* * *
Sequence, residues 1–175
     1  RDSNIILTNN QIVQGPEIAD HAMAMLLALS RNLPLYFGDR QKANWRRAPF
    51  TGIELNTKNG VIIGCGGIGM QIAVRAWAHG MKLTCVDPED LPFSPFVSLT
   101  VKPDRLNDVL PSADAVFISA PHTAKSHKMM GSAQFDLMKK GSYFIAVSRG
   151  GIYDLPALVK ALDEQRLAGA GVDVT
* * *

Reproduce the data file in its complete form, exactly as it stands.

Sequence, residues 1–175
     1  RDSNIILTNN QIVQGPEIAD HAMAMLLALS RNLPLYFGDR QKANWRRAPF
    51  TGIELNTKNG VIIGCGGIGM QIAVRAWAHG MKLTCVDPED LPFSPFVSLT
   101  VKPDRLNDVL PSADAVFISA PHTAKSHKMM GSAQFDLMKK GSYFIAVSRG
   151  GIYDLPALVK ALDEQRLAGA GVDVT